Makō is a great-grandson of Tanemoehau and Kurī (the eponymous ancestor of Kāti Kurī). His Whakapapa line traces from the mātāmua first born child of Tanemoehau and Kurī – Rākaitekura to his father Pūraho who is credited with leading the Kāti Kurī migration from Hātaitai to the Tory Channel in the South Island that became known as “Te-Wharauka-a-Pūraho-nui” (the big migration of Pūraho). With the death of his father Pūraho, the eldest brother of Makō, Marukaitātea (Maru) became the head of Kāti Kurī and it was under the leadership of Maru that Kāti Kurī eventually moved and settled in the Kaikōura area.
When Makō claimed the takiwā of Wairewa he did so at gathering of rakatira in Kahutara south of Kaikōura, under the mana of his older brother. This gathering was held so that the rakatira could hear first-hand the reports from Kaiapū and Tamakino who had escaped to return overland from a disastrous battle against Kāti Māmoe in Southland.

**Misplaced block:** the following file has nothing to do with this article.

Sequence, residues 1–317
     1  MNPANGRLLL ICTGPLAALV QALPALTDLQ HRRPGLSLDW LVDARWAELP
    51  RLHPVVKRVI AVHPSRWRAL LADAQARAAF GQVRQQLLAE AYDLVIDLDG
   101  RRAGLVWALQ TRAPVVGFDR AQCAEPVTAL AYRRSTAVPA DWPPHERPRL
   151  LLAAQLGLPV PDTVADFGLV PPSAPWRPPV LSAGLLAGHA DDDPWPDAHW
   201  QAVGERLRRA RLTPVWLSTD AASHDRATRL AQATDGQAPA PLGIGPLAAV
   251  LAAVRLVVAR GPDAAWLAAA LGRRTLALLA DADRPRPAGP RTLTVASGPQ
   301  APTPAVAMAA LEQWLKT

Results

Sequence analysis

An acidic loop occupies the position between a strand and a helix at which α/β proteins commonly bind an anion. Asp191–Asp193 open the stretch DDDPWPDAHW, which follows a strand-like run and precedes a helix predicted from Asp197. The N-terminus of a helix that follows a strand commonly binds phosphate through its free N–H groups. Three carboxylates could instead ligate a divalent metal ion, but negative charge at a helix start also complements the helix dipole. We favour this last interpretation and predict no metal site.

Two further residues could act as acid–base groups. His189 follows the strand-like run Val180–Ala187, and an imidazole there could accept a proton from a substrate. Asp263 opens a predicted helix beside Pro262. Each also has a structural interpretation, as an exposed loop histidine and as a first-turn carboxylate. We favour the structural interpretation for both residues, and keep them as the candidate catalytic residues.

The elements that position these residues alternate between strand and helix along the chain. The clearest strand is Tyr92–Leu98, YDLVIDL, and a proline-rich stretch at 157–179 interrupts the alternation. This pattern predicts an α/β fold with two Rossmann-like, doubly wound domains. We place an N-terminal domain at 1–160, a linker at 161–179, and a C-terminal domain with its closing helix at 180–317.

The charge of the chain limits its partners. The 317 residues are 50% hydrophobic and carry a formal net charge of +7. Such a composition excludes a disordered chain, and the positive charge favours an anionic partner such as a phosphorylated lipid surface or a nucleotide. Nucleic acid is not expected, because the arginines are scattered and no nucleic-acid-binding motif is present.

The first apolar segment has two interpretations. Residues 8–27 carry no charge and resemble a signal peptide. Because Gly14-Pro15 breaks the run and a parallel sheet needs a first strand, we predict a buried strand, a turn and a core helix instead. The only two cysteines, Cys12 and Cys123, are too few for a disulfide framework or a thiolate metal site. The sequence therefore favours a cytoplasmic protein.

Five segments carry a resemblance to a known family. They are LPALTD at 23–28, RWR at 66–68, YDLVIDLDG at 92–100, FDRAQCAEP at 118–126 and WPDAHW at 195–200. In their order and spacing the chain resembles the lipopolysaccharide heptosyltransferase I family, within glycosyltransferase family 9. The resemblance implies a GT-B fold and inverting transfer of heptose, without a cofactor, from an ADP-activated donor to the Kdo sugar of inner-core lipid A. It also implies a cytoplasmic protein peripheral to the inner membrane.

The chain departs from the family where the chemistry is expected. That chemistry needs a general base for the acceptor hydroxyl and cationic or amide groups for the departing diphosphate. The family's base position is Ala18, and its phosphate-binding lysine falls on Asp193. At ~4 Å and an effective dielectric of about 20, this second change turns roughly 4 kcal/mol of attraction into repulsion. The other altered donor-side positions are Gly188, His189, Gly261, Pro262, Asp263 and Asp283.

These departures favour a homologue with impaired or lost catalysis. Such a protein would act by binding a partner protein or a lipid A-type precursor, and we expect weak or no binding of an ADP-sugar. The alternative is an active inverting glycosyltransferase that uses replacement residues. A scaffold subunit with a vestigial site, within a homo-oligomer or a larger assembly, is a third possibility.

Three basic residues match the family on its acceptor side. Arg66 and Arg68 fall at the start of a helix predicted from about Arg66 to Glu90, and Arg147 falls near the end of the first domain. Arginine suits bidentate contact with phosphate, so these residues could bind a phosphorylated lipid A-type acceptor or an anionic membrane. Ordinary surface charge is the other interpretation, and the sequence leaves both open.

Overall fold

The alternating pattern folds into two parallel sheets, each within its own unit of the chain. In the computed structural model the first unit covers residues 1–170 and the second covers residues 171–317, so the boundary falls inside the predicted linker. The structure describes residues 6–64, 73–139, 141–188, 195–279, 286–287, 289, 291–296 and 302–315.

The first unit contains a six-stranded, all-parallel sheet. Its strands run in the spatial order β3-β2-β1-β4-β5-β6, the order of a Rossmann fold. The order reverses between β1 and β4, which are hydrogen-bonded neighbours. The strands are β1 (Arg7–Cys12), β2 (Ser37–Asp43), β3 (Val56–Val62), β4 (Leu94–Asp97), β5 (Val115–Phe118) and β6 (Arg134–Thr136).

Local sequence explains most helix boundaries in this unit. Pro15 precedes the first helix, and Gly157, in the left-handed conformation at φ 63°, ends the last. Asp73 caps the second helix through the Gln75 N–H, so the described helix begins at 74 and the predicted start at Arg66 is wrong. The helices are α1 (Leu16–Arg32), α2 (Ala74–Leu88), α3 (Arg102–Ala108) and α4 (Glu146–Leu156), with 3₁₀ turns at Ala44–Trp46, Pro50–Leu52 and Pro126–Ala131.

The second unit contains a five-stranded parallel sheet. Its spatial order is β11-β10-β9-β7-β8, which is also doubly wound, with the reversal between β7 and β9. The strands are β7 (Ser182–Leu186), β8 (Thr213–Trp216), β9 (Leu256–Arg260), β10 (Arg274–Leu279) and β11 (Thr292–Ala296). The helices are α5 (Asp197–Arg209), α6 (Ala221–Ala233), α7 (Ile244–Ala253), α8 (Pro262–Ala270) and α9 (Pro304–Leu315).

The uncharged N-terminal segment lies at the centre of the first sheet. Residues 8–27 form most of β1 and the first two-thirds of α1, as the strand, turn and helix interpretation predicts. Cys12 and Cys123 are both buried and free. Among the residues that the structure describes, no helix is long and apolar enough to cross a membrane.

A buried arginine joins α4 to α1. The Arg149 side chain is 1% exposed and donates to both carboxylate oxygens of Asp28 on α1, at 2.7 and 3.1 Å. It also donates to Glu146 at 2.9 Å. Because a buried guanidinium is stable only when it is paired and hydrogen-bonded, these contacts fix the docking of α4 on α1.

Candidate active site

Travelling under the cloak of darkness they came to their brother-in-laws house where they were given protection.
The next morning they were greeted by the other chiefs to whom they recounted their travels. The two escapes were outlining the mahika kai they had seen on the way back. When it came to Ōhiriri, Ōtawiri and Wairewa, Makō asked
the pair what food is available there. They replied “There are many kinds’ weka, kaka, kererū, pūtakitaki and tuna”.
On hearing the bounty that was available at Wairewa Makō laid his tapatapa (claim) on the area. Shortly after an expedition consisting of Kāti Kurī and Kāi Tūhaitara led by Moki left for Te Pātaka o Rākaihautū. When Makō arrived at Wairewa he laid his Waha Ika in the waters of the lake at Tākiritāwai and proclaimed: